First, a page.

SharkRetriver wrote:the 24 is still strange because of the analogue problem, but it's a cool polychoron.
Well that's what makes it cool.
Analogue-wise, it's essentially a rhombic dodecahedron that just happens to be regular. It's in a series of "stellated" hypercubes, which are constructed by cutting one n-cube into (n-1)-cubical pyramids and attaching them onto the facets of another n-cube. In 1D, it is identical to the line segment (well, everything is, so that says nothing). In 2D, it is identical to the 2-cross (diamond, which happens to be the same as the square). In 3D, it starts to become distinct, as the rhombic dodecahedron. In 4D, it's the 24-cell, which, due to a set of interesting coincidences (such as the fact that 2^2 = 1+1+1+1) just happens to be regular. Then in 5D, it starts to become distinct from the maximal projection of the (n+1)-cube into n-space.
About the simplexes, they're odd as well. I don't like
But their mesotruncates and omnitruncates are even.
I looked up E polytopes on the wiki. I think that the trirectified 4_21 should be the next polytope of the month. There are only 4.8 million edges, lol
Oh don't worry about that one... I do have the omnitruncated 120-cell lined up. Among the 4D polytopes, it's the grand-daddy of them all. It has 14400 vertices, 28800 edges, 17040 faces, and 2640 cells. One of these days, it's gonna be up. Of course, that's nothing compared to the trirectified 4_21.
That's still a long way off. After I finish with 4D, I'm going to 5D, which has a lot more truncates, even though it only has 3 regular polytopes. If I'm still alive after that, it's 6D time, and if I outlive that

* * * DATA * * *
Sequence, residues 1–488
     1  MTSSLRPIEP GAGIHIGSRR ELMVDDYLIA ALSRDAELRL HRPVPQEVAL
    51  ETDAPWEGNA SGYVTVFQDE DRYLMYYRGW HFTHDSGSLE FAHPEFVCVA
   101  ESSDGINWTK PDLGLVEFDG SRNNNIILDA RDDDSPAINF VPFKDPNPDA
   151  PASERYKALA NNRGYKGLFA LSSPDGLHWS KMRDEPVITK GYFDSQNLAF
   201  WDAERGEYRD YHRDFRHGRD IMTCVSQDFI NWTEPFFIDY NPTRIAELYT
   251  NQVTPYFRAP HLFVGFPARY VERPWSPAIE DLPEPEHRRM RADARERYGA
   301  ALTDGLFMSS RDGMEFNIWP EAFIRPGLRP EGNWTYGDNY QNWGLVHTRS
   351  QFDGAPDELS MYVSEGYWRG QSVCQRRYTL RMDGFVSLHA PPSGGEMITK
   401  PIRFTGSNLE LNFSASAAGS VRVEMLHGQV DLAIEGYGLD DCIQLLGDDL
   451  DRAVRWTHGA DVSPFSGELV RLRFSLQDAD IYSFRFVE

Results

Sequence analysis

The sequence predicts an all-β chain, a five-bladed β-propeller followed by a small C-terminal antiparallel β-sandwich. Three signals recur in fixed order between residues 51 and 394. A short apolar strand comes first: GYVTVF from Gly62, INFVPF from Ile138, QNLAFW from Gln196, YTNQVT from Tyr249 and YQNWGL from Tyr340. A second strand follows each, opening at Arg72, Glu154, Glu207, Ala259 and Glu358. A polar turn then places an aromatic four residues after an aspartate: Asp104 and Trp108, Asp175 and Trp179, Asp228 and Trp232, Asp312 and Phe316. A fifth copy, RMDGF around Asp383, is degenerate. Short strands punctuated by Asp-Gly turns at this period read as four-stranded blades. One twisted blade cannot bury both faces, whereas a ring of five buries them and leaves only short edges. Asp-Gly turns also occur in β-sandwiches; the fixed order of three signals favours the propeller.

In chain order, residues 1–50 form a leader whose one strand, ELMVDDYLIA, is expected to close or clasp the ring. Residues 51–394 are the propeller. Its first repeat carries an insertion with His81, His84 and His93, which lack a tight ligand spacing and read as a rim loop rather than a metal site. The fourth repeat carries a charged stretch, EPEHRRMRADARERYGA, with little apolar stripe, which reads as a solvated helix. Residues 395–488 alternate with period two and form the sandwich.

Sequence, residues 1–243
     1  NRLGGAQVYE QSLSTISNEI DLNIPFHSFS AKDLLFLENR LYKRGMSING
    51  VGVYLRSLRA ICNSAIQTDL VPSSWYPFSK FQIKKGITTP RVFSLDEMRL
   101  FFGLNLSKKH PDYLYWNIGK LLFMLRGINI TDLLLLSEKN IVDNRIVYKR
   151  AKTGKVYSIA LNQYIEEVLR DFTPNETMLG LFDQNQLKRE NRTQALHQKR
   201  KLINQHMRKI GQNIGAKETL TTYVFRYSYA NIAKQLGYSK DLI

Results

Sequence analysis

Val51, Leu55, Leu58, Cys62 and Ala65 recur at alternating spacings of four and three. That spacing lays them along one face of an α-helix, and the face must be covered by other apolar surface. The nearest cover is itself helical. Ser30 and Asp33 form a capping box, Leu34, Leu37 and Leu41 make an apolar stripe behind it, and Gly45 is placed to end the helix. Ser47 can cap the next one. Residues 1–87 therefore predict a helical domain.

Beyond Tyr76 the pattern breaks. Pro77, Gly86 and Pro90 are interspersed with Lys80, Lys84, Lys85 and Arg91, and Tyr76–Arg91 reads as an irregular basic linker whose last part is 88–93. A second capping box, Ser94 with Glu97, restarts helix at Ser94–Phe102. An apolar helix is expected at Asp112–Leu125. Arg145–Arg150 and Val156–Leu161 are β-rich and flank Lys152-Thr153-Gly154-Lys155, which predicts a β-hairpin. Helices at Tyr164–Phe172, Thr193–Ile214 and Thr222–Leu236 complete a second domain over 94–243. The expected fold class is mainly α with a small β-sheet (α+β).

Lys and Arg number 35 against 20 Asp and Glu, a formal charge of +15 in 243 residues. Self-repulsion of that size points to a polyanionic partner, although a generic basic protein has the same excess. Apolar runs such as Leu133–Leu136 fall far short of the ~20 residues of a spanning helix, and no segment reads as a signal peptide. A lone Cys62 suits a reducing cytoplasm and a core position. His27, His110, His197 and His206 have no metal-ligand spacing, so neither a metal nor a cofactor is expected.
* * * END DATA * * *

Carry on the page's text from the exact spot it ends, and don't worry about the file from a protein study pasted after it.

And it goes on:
, then I'll get to the 4_21 in 7D.
Also, why is there only the snub 24-cell, and no other snub polychora?
Well, the concept of "snub", in the strict sense of surrounding the faces of the base polyhedron by triangles, really only applies to 3D. A more generally applicable operation is alternation. The 3D snubs are topologically equivalent to the alternations of the omnitruncate of their respective platonic solid. In a sense, you may think of the icosahedron as the "snub tetrahedron", since the "omnitruncated tetrahedron" is A111, which is equivalent to C011 (truncated octahedron), the alternation of which is topologically equivalent to the icosahedron. So in a sense, "snub" in 3D means "alternated omnitruncate".
However, the snub 24-cell in 4D is not
the alternation of an omnitruncate. It is topologically equivalent to the alternation of the truncated
24-cell (alternation of F0011), and its icosahedral facets are not completely
surrounded by tetrahedra, unlike the analogous 3D snubs. Four of each icosahedron's faces actually touch adjacent icosahedral cells. So in a sense, the snub 24-cell isn't really
a snub. It's just that there are no other uniform snubs in 4D, and it does
after all consist of facets of the same kind with the gaps filled in by regular tetrahedra.
Now, the key here is that alternation as an operation does not
, in general, give you a uniform polytope. The snub cube cannot be produced by alternating a uniform great rhombicuboctahedron, because even though the result is topologically
equivalent to a snub cube, its edge lengths are not equal and its faces are not regular. You need some unspecified amount of distortion in order to get the "real" snub cube. So nothing stops you from, say, taking the alternation of F1111 instead. You'll end up with a polytope with 48 snub cubes for facets plus a whole bunch of octahedra and probably some irregular shapes. However, it would not be possible to make the polytope uniform. Only the alternation of F0011 can be made uniform.
Alternation in 3D also gives rise to the infinite family of antiprisms: alternating a (2n)-gonal prism gives you an n-gonal antiprism. (Again, modulo some arbitrary distortion to make the result uniform.) Given this fact, it seems reasonable to suppose that alternating 2n,2n-duoprisms in 4D should give us some kind of analogue of the antiprisms. But alas, none of them can be made uniform except one: the alternation of the 4,4-duoprism (aka tesseract), which is the 16-cell, which also happens to be regular.
Given the large amount of polytopes that can be alternated in 4D, you could say that actually there are quite a good number of snubs; but only the snub 24-cell is uniform.
I'm also considering changing w to 10 before "mass-rendering" for various reasons...
Sounds good to me.